Suddenly his priorities shifted, and some odd things made sense. He recalled that while going up the subway stairs he had to stop to catch his breath. 

Stern said he was suffering from an abnormal heart rhythm, and he needed a radio-frequency ablation, a procedure in which a surgeon runs a thin wire to the heart and sends heat to fix problem areas that cause abnormal heart beats. 

The surgery was scheduled for March 23, he said.

At that time, Cuomo had mandated that hospitals could only perform emergency surgeries. His surgery didn't fit the definition.

"The state called it elective but for me it was an emergency," Stern said. "I thought, 'I got to have it now.' "

On March 22, Stern said he was diagnosed with COVID-19. He didn't have to go to a hospital for it, but it was a rough case, he said. For a week and a half, he fought off the shortness of breath, hearing loss, balance problems and extreme fatigue. He was concerned the illness would further his risk for a stroke. The simple act of talking to someone had him gasping for breath. 

"I was very nervous," he said. "I was concentrating on staying alive."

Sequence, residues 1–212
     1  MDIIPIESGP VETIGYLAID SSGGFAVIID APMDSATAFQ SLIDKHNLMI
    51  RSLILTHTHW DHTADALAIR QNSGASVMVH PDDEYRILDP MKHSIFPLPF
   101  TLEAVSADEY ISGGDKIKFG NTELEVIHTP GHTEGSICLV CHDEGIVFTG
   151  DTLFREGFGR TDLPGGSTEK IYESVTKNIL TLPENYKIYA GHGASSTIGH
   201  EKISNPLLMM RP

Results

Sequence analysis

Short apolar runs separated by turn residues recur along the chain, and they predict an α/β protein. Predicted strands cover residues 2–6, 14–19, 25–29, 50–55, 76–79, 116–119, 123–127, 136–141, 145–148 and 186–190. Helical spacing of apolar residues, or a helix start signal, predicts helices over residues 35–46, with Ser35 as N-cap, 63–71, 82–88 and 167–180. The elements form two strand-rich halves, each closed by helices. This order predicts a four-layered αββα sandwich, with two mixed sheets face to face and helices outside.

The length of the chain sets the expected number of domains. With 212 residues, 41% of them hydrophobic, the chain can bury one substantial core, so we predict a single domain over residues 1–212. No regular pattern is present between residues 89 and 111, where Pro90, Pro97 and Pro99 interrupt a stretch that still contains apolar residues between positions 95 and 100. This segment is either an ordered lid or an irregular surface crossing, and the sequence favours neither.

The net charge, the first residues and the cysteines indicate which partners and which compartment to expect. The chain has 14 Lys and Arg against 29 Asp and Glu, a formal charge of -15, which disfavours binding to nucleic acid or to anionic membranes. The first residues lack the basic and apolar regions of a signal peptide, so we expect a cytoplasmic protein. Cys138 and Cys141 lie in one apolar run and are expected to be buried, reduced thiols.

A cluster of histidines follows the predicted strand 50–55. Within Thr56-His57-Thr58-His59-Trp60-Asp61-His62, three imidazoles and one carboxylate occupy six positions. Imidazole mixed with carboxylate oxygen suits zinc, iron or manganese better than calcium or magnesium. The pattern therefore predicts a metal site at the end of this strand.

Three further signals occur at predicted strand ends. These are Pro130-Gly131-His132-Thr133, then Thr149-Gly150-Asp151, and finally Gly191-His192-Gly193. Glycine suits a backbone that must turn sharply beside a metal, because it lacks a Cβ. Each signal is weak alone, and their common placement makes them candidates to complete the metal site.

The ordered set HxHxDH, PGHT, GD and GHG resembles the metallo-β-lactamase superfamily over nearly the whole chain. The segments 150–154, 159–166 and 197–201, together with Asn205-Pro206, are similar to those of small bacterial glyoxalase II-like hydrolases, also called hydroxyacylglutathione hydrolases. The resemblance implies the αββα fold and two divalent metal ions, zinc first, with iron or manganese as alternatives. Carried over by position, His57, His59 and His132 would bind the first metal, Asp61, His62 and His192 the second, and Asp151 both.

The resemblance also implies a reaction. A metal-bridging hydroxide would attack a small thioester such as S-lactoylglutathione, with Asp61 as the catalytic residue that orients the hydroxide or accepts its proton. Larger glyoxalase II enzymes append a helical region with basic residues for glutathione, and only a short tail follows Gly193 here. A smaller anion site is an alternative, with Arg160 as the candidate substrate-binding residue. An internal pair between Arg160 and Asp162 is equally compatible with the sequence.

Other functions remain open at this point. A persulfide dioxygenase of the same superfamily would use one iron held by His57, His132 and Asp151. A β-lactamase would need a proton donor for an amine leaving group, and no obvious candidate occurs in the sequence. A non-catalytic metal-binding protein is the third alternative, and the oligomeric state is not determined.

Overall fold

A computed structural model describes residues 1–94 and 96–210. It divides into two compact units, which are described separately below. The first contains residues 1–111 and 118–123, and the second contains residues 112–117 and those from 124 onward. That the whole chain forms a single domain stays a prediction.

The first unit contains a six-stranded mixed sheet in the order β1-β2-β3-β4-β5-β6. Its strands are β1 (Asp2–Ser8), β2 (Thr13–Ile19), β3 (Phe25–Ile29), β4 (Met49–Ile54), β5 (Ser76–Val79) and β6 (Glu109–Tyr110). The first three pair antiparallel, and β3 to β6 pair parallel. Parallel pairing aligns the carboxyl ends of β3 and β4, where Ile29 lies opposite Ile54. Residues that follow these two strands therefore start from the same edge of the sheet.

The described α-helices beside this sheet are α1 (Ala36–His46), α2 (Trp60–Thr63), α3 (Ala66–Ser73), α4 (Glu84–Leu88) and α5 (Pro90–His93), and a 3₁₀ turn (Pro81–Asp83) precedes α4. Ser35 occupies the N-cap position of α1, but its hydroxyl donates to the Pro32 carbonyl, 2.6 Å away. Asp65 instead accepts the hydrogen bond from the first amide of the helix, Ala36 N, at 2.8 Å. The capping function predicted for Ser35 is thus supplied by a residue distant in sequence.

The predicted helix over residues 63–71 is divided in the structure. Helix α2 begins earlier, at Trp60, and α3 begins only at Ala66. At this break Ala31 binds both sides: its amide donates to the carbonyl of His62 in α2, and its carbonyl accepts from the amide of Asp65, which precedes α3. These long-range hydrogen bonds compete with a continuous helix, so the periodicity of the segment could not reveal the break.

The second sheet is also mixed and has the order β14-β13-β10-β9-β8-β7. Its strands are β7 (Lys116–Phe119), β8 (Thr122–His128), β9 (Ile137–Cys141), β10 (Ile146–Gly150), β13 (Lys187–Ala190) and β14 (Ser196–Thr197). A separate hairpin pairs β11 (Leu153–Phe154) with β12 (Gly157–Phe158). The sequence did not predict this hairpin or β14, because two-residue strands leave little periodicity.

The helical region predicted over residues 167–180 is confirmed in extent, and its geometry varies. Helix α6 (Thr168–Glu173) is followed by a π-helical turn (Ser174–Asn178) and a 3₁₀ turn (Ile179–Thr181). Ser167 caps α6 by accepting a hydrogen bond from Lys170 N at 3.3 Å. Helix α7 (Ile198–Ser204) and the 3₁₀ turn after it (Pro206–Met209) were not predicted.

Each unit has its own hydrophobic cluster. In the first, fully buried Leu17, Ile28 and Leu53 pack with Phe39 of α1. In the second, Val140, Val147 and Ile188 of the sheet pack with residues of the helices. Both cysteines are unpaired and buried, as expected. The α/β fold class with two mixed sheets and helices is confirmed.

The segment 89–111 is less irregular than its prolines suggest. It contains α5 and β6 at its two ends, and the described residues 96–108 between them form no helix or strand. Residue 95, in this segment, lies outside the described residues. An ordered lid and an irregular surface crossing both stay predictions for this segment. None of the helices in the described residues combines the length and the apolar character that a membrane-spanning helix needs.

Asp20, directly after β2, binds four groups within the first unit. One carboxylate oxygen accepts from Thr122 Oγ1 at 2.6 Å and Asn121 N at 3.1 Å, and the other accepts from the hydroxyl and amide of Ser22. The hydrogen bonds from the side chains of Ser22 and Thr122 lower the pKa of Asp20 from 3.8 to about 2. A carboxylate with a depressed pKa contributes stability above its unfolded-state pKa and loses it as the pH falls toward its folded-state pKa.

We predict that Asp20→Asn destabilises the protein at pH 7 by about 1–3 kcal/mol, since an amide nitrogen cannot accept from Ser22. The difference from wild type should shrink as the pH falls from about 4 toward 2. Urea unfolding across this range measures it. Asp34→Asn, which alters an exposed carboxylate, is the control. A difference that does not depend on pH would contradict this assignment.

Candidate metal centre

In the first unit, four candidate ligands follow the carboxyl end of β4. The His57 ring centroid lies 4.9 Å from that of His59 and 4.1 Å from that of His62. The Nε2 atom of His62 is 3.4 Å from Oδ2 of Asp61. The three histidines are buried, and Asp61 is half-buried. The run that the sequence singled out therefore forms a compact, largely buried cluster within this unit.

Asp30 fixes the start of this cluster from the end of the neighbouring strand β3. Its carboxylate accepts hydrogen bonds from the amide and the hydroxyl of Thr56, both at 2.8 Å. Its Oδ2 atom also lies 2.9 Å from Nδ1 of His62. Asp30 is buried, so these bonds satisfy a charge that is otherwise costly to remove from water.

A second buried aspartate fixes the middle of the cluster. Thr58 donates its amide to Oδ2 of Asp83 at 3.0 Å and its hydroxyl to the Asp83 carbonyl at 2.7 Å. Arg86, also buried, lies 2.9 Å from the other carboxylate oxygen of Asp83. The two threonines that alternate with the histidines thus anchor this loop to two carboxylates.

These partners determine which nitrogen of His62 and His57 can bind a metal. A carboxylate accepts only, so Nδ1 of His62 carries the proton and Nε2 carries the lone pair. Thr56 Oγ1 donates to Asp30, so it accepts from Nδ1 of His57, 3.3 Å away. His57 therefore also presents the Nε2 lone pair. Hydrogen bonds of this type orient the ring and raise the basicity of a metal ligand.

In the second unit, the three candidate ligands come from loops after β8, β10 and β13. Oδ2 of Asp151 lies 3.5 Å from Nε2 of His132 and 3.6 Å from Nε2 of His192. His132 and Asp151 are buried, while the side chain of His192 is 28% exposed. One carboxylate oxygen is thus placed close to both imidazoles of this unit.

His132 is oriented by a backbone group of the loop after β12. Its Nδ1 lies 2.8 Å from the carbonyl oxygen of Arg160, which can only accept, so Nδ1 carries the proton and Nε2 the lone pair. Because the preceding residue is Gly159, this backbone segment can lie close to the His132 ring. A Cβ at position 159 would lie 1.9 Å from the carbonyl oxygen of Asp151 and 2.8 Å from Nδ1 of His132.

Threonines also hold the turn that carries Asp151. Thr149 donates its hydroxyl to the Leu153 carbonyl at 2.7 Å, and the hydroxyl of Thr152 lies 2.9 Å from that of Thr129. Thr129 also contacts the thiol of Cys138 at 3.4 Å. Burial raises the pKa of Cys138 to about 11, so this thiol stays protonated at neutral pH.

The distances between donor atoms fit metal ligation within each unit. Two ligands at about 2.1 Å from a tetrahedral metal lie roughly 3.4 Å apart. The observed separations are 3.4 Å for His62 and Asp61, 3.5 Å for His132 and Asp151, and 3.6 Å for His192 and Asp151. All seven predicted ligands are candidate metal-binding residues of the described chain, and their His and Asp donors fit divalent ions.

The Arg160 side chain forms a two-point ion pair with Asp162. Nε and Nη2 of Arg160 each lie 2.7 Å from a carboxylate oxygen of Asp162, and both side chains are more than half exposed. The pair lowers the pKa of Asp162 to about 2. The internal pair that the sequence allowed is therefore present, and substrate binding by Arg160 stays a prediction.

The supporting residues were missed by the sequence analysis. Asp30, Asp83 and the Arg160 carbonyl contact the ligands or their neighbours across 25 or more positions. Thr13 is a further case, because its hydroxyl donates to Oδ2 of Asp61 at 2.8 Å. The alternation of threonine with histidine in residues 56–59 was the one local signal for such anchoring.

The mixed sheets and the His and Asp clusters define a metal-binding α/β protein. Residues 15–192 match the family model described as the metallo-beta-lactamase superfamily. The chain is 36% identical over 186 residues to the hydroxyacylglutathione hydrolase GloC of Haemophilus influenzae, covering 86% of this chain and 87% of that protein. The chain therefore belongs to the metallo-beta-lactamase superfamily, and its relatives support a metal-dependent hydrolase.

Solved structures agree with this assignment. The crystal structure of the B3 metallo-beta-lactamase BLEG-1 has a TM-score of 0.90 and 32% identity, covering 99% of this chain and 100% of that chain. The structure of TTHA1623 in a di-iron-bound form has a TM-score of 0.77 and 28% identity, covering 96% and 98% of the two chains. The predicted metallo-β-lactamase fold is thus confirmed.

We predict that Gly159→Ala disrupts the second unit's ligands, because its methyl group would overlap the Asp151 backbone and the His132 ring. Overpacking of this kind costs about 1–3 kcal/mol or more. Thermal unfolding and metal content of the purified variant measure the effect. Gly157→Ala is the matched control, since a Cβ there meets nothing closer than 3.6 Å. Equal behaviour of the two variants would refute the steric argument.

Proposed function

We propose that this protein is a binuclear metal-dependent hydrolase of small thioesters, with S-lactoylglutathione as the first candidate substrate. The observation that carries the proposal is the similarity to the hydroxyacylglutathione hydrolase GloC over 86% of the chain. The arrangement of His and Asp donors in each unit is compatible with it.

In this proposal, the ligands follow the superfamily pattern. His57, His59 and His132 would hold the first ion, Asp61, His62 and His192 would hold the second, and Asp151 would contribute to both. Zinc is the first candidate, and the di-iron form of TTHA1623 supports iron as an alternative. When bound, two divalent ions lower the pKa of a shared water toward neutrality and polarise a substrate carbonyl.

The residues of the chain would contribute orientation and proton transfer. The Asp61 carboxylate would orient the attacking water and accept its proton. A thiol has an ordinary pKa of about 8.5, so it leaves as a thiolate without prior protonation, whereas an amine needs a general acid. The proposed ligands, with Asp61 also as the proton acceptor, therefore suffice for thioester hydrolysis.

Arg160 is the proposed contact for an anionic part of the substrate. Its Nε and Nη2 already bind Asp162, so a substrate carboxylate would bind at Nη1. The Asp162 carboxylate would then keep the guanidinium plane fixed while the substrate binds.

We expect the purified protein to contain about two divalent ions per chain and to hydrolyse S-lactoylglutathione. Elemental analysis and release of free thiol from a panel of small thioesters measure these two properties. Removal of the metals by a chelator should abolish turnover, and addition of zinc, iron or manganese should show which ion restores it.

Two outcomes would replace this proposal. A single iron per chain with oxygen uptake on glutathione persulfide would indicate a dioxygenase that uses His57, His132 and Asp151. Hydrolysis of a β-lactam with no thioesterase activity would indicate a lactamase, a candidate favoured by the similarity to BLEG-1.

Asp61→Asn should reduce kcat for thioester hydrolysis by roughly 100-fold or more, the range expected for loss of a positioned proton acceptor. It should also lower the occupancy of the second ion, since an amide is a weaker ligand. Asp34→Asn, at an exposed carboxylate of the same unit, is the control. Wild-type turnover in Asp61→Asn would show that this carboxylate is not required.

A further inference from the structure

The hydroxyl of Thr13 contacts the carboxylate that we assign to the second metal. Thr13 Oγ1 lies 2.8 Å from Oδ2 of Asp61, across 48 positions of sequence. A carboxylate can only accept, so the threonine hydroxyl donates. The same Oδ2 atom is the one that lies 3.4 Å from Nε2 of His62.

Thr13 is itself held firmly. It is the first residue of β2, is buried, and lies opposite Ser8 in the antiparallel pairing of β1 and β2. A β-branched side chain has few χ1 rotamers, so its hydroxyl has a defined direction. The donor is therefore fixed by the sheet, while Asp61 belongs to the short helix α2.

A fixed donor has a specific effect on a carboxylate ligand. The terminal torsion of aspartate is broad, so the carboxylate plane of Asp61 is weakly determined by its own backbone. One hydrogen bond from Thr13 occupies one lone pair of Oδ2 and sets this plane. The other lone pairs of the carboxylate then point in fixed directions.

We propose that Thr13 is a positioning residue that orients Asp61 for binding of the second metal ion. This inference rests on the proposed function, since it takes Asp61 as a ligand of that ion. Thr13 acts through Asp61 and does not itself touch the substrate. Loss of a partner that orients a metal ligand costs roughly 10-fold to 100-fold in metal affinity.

Stern's definition of COVID-19: "It finds whatever weakness you have, and it attacks it."

After two weeks of recovery, he underwent the heart surgery on April 13 at St. Francis Hospital, The Heart Center in Roslyn.

The prep for surgery moved so quickly, with so many medical staff working on different things, that, "I felt like a car in the Indy 500, getting my oil changed and having my tires removed."

In the recovery room, in and out of consciousness, Stern said he started to hear this "crazy dance music." He discovered that the staff blasts the music, and gathers together for a standing ovation, every time someone who had COVID-19 is discharged. It seemed like it was happening 20 times a day, he said.

"It went from an annoyance to something I was cheering about," Stern said. "The first time they told me, I cried, I thought it was so wonderful."

The next morning, he was set to go home. Turns out, as he was wheeled through the hallways, there was the staff at the main entrance, gathered together in a gauntlet of clapping and cheering. Even though Stern wasn't there for the coronavirus, he went with it, nodding thank yous and waving to them as he departed.

"Quite frankly, they saved my life," he said.